Lakes discovered beneath Greenland ice sheetEurekAlert | 27 Nov 2013
(University of Cambridge) The study, published in Geophysical Research Letters, discovered two subglacial lakes 800 meters below the Greenland Ice Sheet. Subglacial lakes are likely to influence the flow of the ice sheet, impacting global sea level change. The discovery of the lakes in Greenland will also help researchers to understand how the ice will respond to changing environmental conditions.
Large study shows pollution impact on coral reefs -- and offers solutionEurekAlert | 26 Nov 2013
(Oregon State University) One of the largest and longest experiments ever done to test the impact of nutrient loading on coral reefs today confirmed what scientists have long suspected -- that this type of pollution from sewage, agricultural practices or other sources can lead to coral disease and bleaching. But there was unexpectedly good news - when you cleaned up the water, the corals recovered.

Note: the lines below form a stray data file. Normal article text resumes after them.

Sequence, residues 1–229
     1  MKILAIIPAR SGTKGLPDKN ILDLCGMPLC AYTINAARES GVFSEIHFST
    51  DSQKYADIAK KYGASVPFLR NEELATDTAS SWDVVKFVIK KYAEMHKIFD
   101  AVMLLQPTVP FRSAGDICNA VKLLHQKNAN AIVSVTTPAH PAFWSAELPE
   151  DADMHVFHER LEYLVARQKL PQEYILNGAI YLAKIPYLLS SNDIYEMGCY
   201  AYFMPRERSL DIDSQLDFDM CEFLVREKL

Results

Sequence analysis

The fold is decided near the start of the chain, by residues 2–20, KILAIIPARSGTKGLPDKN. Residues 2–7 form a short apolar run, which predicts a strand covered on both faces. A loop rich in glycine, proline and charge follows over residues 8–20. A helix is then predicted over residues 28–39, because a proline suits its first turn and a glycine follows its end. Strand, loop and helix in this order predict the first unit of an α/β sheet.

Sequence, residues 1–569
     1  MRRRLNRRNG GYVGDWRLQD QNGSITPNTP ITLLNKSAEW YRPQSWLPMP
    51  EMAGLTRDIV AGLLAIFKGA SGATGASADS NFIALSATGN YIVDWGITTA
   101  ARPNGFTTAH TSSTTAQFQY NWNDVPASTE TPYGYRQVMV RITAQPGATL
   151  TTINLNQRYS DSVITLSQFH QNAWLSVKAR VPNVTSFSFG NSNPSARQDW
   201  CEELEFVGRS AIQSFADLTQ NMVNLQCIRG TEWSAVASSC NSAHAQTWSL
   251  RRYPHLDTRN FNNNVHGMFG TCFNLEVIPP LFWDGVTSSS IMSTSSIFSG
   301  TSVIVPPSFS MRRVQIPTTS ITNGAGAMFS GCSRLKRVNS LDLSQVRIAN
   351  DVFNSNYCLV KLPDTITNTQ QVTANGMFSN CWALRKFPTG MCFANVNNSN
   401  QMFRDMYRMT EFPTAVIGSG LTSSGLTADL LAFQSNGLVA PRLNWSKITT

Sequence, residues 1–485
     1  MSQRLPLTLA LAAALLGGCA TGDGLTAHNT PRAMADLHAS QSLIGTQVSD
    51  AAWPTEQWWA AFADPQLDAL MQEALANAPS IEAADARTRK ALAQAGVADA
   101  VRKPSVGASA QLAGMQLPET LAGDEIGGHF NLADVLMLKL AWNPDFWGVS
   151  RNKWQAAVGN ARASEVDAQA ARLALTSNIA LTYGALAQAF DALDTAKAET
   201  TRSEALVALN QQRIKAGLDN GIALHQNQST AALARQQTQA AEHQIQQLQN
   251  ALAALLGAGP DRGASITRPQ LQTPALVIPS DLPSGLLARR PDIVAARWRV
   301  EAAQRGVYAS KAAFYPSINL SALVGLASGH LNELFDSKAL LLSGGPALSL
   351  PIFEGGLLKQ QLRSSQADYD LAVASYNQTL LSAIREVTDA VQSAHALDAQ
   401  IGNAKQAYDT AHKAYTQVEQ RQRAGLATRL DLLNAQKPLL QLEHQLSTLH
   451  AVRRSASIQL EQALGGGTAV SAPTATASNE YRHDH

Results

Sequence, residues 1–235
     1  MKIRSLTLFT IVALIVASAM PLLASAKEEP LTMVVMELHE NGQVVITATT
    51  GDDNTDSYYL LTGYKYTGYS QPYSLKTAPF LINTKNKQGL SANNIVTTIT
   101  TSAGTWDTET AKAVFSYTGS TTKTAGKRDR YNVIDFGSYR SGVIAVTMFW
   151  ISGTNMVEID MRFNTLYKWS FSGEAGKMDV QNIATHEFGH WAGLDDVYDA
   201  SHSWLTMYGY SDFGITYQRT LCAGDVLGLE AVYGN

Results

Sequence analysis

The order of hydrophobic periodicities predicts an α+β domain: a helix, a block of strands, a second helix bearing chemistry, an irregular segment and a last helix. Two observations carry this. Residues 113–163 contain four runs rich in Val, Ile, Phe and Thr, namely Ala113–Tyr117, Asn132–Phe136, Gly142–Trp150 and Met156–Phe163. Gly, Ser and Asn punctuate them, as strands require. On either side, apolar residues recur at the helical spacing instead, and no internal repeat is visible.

Seahorses stalk prey by stealthBBC | 26 Nov 2013
Seahorses' peculiar snouts and strange swimming style allow them to sneak up on prey undetected, a new video shows.
The Decline and Fall of the Emperor Penguin?Woods Hole Oceanographic Institution | 22 Nov 2013
At nearly four feet tall, the Emperor penguin is Antarcticas largest seabird—and thanks to films like March of the Penguins and Happy Feet, its also one of the continents most iconic. If global temperatures continue to rise, however, the large colony of emperor penguins in Terre Adélie in East Antarctica may eventually disappear, according to a study led by researchers from the Woods Hole Oceanographic Institution (WHOI).
New online fisheries science research libraryWorld Fishing | 21 Nov 2013
The Marine Stewardship Council (MSC) has launched a new online fisheries science research library which will provide open access to the science that underpins the organisation's standards.
Amateur divers share species data through GBIFgbif.org | 19 Nov 2013
Species observations from thousands of scuba divers all over the world are now freely accessible via the GBIF portal. The citizen science platform Diveboard has published over 15,000 records from the electronic log books submitted by its community of nearly 100,000 registered divers.